Planet Princeton

Town of Princeton Refers Councilwoman’s 911 Call to Prosecutor’s Office

Butler
Butler

On September 18, Princeton Councilwoman Jo Butler made a 911 call from the Dinky station because she was concerned about whether the Princeton Police or Princeton University Public Safety respond to such emergency calls.

Previously at a Council meeting in September, she received conflicting answers as to whether calls made from a cell phone are routed to campus public safety or the police.  So she decided to make a call herself and see who answered. She asked which department she was calling and identified herself as an elected official.

The result of the call, which went to the Princeton Police dispatch: She is now under investigation by the Mercer County Prosecutor’s Office for making a false 911 call.

The Princeton Police flagged the issue and referred the matter to Administrator Robert Bruschi, who then contacted the Mercer County Prosecutor about the issue, a police official said. No charges have been filed in the case so far.

“I don’t think I’ve done anything wrong,” Butler told Planet Princeton. “I’ve been interested in this important public safety issue for a long time. The Mercer County Prosecutor’s Office knows a great deal about this issue. I’m happy to have an investigation.  I’ll be glad to talk more about it when the investigation has been completed.”

The issue of who responds to emergency calls has been a matter of concern for some public officials over the past year. It has not always been clear who responds to which Princeton University buildings off campus, and there was confusion about who responds to cell phone calls.

Butler and other officials expressed concerns about possible delays or miscommunication in routing more serious incidents from Princeton University to the Princeton Police. The town and University later reached an agreement about which department would handle what issues.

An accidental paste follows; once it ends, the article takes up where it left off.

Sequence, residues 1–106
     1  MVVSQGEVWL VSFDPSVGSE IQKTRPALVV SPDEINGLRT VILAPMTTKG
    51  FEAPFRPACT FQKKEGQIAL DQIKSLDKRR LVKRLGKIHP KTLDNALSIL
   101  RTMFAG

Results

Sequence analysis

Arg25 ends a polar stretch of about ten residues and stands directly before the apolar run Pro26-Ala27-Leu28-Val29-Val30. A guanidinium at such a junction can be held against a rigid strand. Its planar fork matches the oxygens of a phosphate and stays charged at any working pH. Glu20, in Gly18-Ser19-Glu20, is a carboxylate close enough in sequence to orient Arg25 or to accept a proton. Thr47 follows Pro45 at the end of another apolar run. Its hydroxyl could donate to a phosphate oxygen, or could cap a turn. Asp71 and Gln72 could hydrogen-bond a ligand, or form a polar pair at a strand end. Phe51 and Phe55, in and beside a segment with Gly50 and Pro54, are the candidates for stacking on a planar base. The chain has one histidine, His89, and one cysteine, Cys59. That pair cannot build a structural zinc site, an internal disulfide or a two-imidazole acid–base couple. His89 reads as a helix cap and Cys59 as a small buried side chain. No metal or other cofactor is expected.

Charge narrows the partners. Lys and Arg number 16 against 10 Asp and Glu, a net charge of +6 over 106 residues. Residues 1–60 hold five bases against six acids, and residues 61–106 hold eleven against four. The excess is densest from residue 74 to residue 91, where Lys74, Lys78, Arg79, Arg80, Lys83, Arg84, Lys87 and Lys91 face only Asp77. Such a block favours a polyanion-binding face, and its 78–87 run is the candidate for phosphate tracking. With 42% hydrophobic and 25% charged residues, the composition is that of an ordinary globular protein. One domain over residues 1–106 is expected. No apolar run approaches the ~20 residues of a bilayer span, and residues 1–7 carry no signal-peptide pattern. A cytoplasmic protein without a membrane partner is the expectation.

Police Capt. Nick Sutter said he could not comment on the Butler case today because it is under investigation by the county.

Krystal Knapp

Krystal Knapp is the founding editor of Planet Princeton. She can be reached via email at editor AT planetprinceton.com. Send all letters to the editor and press releases to that email address.

  • Tigergal

    She needs to be fired too! As well as that whole circus!

  • Jaguar2

    OK “Rule Follower”

  • RodneyA

    I don’t think intentional non-emergency calls to a 911 center are common, and I’ve NEVER heard of a politician doing it, especially one who knows what she is doing. Maybe the accidental calls are people who hit 911 instead of 411, or people misdialing international calls, or hitting the wrong keys since the first three digits in many Princeton numbers start with 921 (very close to 911). None of that applies here, since it was clear from the start that JoBo knew before she dialed 911 that she was going to call that number without any emergency. In fact, she was dialing for her OWN SELFISH PURPOSE. She was not conducting any organized drill where the police knew in advance that calls may start flowing in that were not emergencies. No extra staff was on hand to help in her study. For all she knew, she dialed 911 in the middle of a true emergency, thus tying up the dispatcher who was involved in someone having a heart attack or someone reporting an accident. What she did was illegal, plain and simple, and she knew it before she did it. And the fact that the town turned it over the the prosecutors office was the proper thing to do. They must distance themselves and let an agency other than their own do the investigation, otherwise they look like they are coddling their own if they choose not to file a complaint with the court.

  • wonderingaloud

    At the very least, she acted unprofessionally and unethically. At worst, Ms. Butler knowingly broke the law. The prosecutor will decide whether or not to charge her. It is troubling that she attempted to use her official status to intimidate the dispatcher into letting her off the hook. Governing isn’t for everyone.

  • RodneyA

    Complain all you want, but SFB is 100% accurate.

  • chase

    Rule “follower I see” SFB

  • SFB

    Yes, I am actually psychic. Don’t bother writing a sarcastic reply, because I already know what you’re going to write!

  • Considerations

    Ridiculous.

  • Inspector Columbo

    SFB are you psychic or how is it that you always seem to be able to read the minds of the people involved in any given situation??? Please.

  • SFB

    Disagree- it’s the job of the Prosecutor is to decide who gets prosecuted. Deciding who to prosecute is not the job of the 911 operator, the police, or Mr Bruschi. If any of these public servants decided to let the matter slide, they could rightly be accused of failure to follow protocol, over-stepping their authority or even doing a cover-up on Ms Butler’s behalf. They were behaving entirely appropriately to pass the matter to the Prosecutor’s office. Now, I would like to think and in fact I fully expect that Ms Butler would get off with a mild admonishment, but if she persists with her pleading that she has done nothing wrong, then she is setting a terrible example and inviting the Prosecutor to take the matter further.